Not surpisingly, becoming a member of the U.S. Congress is very lucrative to your net wealth.
What is clear is that members of Congress are getting richer compared not only with the average American worker, but also with other very rich Americans.
While the median net worth of members of Congress jumped 15 percent from 2004 to 2010, the net worth of the richest 10 percent of Americans remained essentially flat. For all Americans, median net worth dropped 8 percent during that period, based on inflation-adjusted data from Moody’s Analytics.
Going back further, the median wealth of House members grew some two and a half times between 1984 and 2009 in inflation-adjusted dollars, while the wealth of the average American family has actually declined slightly in that same time period, according to data cited by The Washington Post in an article published Monday on its Web site.
Some argue that there's too much money in politics, I would argue that it's just the opposite - there's too much politics in money. In other words, the more we collectivize the income and wealth of the country, the greater the returns to lobbyists of getting a bigger piece of that pie. If a company can invest $10 million to build a plant that provides them a net present value of, say, $20 million, or spend that same money lobbying for wealth transfers or special privileges that provide them a net present value of $50 million, it's a no-brainer to determine which road they take. And the consequence:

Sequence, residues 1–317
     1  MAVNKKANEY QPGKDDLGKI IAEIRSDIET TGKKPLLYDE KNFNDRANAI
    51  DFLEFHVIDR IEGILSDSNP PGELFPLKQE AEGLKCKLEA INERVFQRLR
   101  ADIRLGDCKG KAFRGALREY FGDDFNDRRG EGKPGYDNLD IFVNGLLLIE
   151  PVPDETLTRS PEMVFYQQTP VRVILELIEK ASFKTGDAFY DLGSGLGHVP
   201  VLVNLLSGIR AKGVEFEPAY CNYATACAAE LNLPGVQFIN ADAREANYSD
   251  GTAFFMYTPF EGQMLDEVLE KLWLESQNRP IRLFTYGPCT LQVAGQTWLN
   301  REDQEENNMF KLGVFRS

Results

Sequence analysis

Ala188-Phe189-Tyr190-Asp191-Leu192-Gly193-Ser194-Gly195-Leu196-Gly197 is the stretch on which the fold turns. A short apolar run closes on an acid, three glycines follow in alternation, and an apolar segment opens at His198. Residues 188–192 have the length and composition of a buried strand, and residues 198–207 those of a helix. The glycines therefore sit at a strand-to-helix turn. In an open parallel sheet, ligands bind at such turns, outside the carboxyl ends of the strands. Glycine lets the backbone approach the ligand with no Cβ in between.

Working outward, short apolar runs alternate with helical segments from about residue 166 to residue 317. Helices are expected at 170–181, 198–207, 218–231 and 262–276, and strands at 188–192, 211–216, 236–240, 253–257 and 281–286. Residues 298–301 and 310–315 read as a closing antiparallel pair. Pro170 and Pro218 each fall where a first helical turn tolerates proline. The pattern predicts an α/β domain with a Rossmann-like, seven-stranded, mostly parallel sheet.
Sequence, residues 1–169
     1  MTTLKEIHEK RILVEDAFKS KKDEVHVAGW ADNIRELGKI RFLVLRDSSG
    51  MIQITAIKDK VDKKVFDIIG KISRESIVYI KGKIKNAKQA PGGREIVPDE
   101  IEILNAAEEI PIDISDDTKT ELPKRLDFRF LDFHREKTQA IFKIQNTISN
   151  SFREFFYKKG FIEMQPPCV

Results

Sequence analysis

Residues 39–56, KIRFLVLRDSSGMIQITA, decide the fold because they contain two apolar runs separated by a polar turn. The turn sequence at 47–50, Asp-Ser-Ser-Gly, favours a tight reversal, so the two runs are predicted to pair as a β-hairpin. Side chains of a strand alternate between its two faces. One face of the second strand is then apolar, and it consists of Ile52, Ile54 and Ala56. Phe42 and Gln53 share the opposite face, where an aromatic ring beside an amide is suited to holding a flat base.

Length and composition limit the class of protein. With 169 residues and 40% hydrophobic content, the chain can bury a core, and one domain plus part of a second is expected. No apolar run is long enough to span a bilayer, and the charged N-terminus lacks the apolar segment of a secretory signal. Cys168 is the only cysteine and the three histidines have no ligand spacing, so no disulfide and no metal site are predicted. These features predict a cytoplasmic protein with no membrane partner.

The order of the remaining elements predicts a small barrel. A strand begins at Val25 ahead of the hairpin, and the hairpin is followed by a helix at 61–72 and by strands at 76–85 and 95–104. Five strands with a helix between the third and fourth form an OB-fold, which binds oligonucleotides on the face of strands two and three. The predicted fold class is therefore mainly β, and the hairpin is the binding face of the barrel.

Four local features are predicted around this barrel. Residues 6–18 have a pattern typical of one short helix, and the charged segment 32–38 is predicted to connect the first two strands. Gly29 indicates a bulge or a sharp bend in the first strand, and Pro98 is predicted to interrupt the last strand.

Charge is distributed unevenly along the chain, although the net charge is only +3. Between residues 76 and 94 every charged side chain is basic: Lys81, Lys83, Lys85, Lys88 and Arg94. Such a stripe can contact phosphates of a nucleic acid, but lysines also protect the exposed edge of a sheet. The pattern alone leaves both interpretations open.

One likely cause of the rising wealth, political analysts say, is the growing cost of a political campaign. A successful Senate run cost on average nearly $10 million last year, and a successful House race was $1.4 million, significantly above past elections.
The prohibitive cost has inevitably drawn richer candidates who can help bankroll their own campaigns and attract donations from rich friends — while deterring less well-off candidates, political analysts say.
The data analyzed by The Times corroborated the idea that incoming members are in fact richer than those in the past. The freshman class of 106 members elected last year, including many Tea Party-backed Republicans, had a median net worth of $864,000 — an inflation-adjusted increase of 26 percent from the 2004 freshmen.
The returns are so great because the stakes are so high. What collectivizing more and more of the income and net wealth of this country does is weaken democracy and increase income and wealth inequalities, not strengthen democracy or make it or make it less unequal.